The battled ensued until November 25th when the unit began the final push to crush the enemy and drive him across the Xaln River.

On November 25th, the 1st Battalion was attacked by the enemy and by 3 PM the following day, the entire 9th had been forced to withdraw and take up defensive positions across the Chongchon River.

On November 28th, they withdrew to Yongdam-Ni where a new defensive position was established. The 1st Battalion was attempting to withdraw from south of Pugwon.

Just before midnight, they fell under heavy enemy attack that completely cut them off until the early morning hours of November 27th when they fought their way free and reorganized in the vicinity of KuJang-Dong.

Under fire, on the 28th and 29th, the 9th reorganized in the vicinity of Kunu-Ri. As a result of the action from the late hours of the 25th to the 29th, the three battalions of the 9th had sustained over a 50% casualty rate, as a result leaving the 2nd and 3rd with less than 400 men each.

The 2nd was Bobby’s unit.

At approximately 8 PM on the 29th, a verbal order was received to attack and destroy the enemy roadblock on the Kunu-Ri-Sunchon Road. Combining the men left in each of the 2nd and 3rd into a reinforced company of approximately 400 men, the order was received and carried out during the remainder of November 29th and the early morning hours of November 30.

At 3:30 AM, the 2nd followed by the 3rd Battalion moved from the assembly area at Kunu-Ri to vicinity of the roadblock. At 6:30 AM, the 2nd Battalion on the right received enemy fire that increased in strength until 7 AM when enemy fire was coming from all sides. All vehicles withdrew. Although the fire continued for about 2 hours the unit held its position. The 3rd with a platoon of tanks contacted the enemy in the vicinity at approximately 7:15. The 9th advanced about 1000 yards through the roadblock until resistance of the enemy was such that farther progress forward was stopped.

The 9th completed a perimeter defense of the area and elements of the 2nd were allowed to pass through the roadblock. At 1:30 PM, with all available transport, the unit began to run the roadblock and engaged in a running fight while crossing it until 4 PM. However, enemy S/A fire was continuous and heavy along the entire 8 to 10 miles of the roadblock. The 2nd, on order, mounted all available transportation and engaged in a running fight with the enemy until reaching the vicinity of Sunchon at 4 PM. At 5:30 PM the group cleared the roadblock, taking fire on the rear and left flank, arriving in Sunchon area at 8 PM, proceeding to Hwange to set up a perimeter defense and reorganize.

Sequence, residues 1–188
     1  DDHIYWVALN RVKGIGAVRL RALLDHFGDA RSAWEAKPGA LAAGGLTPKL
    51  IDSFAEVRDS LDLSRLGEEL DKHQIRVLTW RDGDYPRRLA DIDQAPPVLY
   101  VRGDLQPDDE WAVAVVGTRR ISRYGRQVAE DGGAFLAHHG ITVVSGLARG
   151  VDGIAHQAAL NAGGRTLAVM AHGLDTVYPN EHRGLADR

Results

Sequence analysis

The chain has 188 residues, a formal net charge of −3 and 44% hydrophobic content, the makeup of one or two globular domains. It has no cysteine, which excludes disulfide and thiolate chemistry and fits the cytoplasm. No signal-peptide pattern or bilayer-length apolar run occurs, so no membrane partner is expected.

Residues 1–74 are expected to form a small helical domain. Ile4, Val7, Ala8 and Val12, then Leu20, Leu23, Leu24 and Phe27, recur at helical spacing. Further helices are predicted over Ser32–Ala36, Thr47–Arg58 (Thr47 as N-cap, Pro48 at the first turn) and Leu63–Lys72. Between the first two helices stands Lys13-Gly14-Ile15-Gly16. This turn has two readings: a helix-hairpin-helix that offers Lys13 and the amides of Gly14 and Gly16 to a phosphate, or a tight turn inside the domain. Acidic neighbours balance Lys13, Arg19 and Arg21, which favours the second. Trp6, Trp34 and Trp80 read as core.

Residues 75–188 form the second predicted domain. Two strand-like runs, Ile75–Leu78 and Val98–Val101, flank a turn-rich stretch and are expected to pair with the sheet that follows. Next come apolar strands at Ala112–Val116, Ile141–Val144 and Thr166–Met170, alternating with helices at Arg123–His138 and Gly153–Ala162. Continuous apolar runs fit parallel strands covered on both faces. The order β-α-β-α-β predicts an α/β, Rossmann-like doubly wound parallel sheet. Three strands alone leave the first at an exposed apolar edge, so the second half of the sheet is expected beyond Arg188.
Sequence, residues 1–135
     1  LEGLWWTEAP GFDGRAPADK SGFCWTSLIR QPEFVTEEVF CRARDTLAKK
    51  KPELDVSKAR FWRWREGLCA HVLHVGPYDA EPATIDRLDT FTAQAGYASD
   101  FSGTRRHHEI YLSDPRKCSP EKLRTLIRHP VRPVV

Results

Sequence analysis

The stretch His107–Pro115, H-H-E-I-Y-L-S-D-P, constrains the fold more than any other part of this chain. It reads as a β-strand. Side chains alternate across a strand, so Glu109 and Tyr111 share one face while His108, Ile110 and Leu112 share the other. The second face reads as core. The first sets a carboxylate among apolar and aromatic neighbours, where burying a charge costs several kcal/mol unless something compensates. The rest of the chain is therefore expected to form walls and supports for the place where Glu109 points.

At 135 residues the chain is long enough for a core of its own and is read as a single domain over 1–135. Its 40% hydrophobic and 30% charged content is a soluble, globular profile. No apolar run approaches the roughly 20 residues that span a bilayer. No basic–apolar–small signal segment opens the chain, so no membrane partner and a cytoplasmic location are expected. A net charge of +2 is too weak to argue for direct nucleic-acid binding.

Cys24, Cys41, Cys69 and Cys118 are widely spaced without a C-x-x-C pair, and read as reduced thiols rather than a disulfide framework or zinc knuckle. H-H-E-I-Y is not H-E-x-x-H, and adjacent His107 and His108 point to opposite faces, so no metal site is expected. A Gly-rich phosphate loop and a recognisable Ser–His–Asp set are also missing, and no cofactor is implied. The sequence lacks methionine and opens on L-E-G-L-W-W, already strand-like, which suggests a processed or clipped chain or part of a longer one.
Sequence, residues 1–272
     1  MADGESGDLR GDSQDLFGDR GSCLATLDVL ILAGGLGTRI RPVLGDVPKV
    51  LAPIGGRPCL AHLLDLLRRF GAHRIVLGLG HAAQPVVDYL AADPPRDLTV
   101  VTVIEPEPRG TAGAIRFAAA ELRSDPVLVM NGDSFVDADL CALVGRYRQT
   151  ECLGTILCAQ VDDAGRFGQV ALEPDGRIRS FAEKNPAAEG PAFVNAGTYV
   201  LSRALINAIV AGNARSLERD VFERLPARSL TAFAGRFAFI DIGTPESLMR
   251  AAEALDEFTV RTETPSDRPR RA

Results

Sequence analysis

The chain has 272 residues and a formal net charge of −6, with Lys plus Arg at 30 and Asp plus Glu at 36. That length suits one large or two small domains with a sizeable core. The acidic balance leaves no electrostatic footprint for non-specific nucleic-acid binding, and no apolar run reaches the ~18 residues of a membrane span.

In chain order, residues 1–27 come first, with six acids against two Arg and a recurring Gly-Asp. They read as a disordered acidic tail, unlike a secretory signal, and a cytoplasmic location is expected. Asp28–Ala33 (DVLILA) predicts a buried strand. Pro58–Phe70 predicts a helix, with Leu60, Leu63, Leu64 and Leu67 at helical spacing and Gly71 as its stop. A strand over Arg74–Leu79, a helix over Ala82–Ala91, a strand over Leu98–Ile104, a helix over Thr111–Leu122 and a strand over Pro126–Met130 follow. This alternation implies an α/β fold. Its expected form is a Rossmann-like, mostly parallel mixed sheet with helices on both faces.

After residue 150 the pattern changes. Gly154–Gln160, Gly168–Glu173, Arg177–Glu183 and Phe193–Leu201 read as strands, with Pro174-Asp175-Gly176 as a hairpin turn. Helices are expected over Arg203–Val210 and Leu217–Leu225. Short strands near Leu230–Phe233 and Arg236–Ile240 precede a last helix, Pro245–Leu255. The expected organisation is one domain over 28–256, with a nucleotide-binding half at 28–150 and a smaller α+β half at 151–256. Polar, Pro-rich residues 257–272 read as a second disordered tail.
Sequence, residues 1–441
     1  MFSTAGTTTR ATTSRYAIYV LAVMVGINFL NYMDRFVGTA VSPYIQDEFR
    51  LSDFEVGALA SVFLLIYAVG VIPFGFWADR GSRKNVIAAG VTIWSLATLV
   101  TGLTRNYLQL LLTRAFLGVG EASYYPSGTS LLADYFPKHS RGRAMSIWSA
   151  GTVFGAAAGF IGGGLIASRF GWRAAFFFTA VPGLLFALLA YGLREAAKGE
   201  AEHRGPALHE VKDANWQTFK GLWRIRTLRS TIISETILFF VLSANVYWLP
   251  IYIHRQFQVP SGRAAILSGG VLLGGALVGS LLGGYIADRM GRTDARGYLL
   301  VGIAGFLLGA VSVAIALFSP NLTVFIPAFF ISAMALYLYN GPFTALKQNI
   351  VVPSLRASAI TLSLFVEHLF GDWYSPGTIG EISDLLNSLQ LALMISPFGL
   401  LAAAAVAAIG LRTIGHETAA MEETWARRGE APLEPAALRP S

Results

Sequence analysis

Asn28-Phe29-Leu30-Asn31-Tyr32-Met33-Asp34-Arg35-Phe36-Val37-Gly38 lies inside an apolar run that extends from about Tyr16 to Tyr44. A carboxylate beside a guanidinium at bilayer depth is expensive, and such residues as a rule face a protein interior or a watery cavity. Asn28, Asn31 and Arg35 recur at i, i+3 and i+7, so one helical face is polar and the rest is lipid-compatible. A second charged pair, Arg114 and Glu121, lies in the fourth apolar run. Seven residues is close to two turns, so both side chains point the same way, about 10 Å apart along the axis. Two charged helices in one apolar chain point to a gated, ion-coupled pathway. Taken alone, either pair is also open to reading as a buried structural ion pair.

Bobby clearly never made it to Sunchon. The report continues:

The regiment has suffered losses, heavy loses, in both men and equipment with what that undefined something that all great units have, the regiment wasn’t talking about the “downs” but what they would do the next time and hoping that time would be soon.

There was sadness, yes, but with that a grim determination that the enemy would pay, and pay the terrific price for what they had done. Instead of a defeated regiment the “Red” forces had succeeded in making a stronger, greater and inspired regiment of the 9th “Manchu” Infantry Regiment of the 2nd Infantry Division.

Signed, Edwin J. Messinger, Colonel, Infantry Commanding

The map above shows the roadblocks, the route along which Bobby was captured.

The declassified report includes summary documents stating that the regiment’s many losses occurred during November 27-30 “when the Chinese troops attacked our positions in overwhelming numbers. A total of 1766 battle casualties were suffered, 37 killed, 370 wounded and 1359 missing in action.”

On November 30th, the unit had a total of 257 enlisted men, but they don’t say whether that count is before or after the offensive.

The 2nd reported 15 killed, 125 wounded and 191 missing. They had started out with 798 on November 1st, so one way or another, lost 41% of their men. Bobby was one of those 191 missing, many of whom would have become prisoners of war.